Tuesday, 21 January 2014

Equality & Religious Freedom: What accommodation is reasonable?

The Cutting Edge Consortium invites you to discuss:

Equality & Religious Freedom: What accommodation is reasonable?

Tuesday 4th February 6.30pm
House of Commons Committee Room 15

With Speakers:

  • Karon Monaghan QC, Matrix Chambers
  • Carola Towle, National LGBT Officer UNISON
  • Frank Cranmer, Honorary Research Fellow Centre for Law & Religion, Cardiff University

This meeting is kindly sponsored by Sadiq Khan MP
Please email Cutting Edge Consortium to register your attendance

Posted by Simon Sarmiento on Tuesday, 21 January 2014 at 11:45am GMT | TrackBack
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Categorised as: equality legislation
Comments

Here's a thought (re "What accommodation is reasonable?"). Believe WHATEVER you want to believe . . . but treat everyone EQUALLY under the law.

[Really, this isn't a new issue. I mean, which sinner among us wouldn't behave as dictator towards "the unworthy", if we could? But we (legally) can't, so we (hopefully) don't.]

Posted by: JCF on Tuesday, 21 January 2014 at 8:26pm GMT

"Believe WHATEVER you want to believe . . . but treat everyone EQUALLY under the law."

If only it were so simple. For most religious people, belief isn't just something that can be swept into a private corner. It influences everything we do, every decision we make, every hour of the day (or it should do - few of us, perhaps, really live up to that principle). If we live under laws that are dictated by secular humanist and utilitarian principles, then there will inevitably come to be occasions when we are in conflict with the law. Then there is the issue of whether public law ought to be founded on such principles at all - should, for instance, there be some allowance for Muslims to pursue traditional forms of religious jurisprudence within the British legal code rather than outside it, even if this appears contrary to the ideal of equal treatment? Finally there's the problem of 'equality' and its relationship to 'fairness' and 'justice'. Is it always just to treat different people in the same way? These are problems that easy maxims won't help us out of.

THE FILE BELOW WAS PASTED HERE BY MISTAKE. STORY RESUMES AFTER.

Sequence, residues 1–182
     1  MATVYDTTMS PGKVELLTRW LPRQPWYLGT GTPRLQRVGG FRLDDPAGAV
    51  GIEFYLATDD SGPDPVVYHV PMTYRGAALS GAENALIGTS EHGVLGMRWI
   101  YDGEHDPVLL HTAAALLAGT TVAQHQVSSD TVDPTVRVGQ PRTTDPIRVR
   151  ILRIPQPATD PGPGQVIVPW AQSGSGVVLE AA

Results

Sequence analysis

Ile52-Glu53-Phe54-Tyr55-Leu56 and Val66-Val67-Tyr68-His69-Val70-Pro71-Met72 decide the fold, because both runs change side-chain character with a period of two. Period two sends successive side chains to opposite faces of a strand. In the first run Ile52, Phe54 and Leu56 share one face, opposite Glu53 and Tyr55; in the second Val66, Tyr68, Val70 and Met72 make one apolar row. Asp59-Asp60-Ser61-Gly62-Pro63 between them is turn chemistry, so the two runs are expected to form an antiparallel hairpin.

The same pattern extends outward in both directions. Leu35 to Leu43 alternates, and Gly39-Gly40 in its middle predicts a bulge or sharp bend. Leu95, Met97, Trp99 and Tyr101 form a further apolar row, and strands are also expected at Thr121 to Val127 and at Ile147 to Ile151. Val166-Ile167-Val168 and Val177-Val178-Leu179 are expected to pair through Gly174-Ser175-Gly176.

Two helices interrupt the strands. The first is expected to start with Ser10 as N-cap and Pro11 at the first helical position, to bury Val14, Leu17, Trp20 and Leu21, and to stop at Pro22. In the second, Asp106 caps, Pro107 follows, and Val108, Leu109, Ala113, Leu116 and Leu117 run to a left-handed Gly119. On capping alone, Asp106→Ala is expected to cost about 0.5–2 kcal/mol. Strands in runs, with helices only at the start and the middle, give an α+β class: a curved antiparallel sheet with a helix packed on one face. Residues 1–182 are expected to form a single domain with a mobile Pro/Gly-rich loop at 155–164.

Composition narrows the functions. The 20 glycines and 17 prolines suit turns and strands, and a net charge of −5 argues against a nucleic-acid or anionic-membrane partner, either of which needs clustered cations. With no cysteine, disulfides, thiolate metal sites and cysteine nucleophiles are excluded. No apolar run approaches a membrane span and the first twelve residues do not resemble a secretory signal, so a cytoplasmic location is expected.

In some ways I think it is unfortunate that the relationship between religion and the law is being fought chiefly over the issue of gay rights, as this tends to skew our perspective. There are bigger and more pressing questions in terms of the relationship between religious values and the secular-humanist principle of 'equality,' and perhaps better historical examples. What, for instance, would a dedicated 'equalist' say about the Christian pacifist commitment to conscientious objection? Should Christians get special treatment merely because of the beliefs they profess to have? Strict equality would suggest not.

Posted by: rjb on Wednesday, 22 January 2014 at 9:11pm GMT

"What, for instance, would a dedicated 'equalist' say about the Christian pacifist commitment to conscientious objection? Should Christians get special treatment merely because of the beliefs they profess to have? Strict equality would suggest not."

I'm afraid I don't follow. I'm a conscientious objector myself: a Christian pacifist, following the example/instruction of Jesus. But I don't believe that ONLY Christians should receive C.O. status. If your, um, *conscience* objects to war---even a humanist-formed conscience---then they should receive the same status.

As far as conflict w/ "secular humanist and utilitarian principles" goes, I've found that REGRETTABLY those principles tend to reflect the example/instruction of Jesus, moreso that do explicitly "Christian" principles. I sincerely hope that changes (i.e., that Christians get their acts together!).

Posted by: JCF on Thursday, 23 January 2014 at 6:04am GMT

rjb,
the principle is sound.
My faith does inform how I live and influence what I do.
But it does not give me the right to impose those same rules and principles on others.

The question of whether Muslims should have the right to set up their own legal system is one for all citizens of this country to answer through our parliamentary system of making those kinds of decisions that affect Muslims and non-Muslims alike.

What we ought not to have is this strange state of affairs we have with regard to Scottish independence, where the outcome of the vote will impact on the whole of the UK, yet only Scots get to express their views.

It's a very simple principle - if something affects the whole country, it gets decided through the democratic process and is then binding for everyone.

Religious people will remain entitled to organise their private lives according to their own beliefs.
And so it is perfectly acceptable for Muslims not to drink alcohol and for Jews not to eat pork but it would not be acceptable if they tried to stop others from doing so because of their personal faith.
Treating gay people as equal adults under the law is no different.

Posted by: Erika Baker on Thursday, 23 January 2014 at 10:21am GMT

Anyone going?

Posted by: Susannah Clark on Friday, 24 January 2014 at 12:34am GMT

I am chairing this event, so yes I am going.

Posted by: Simon Sarmiento on Friday, 24 January 2014 at 8:15am GMT
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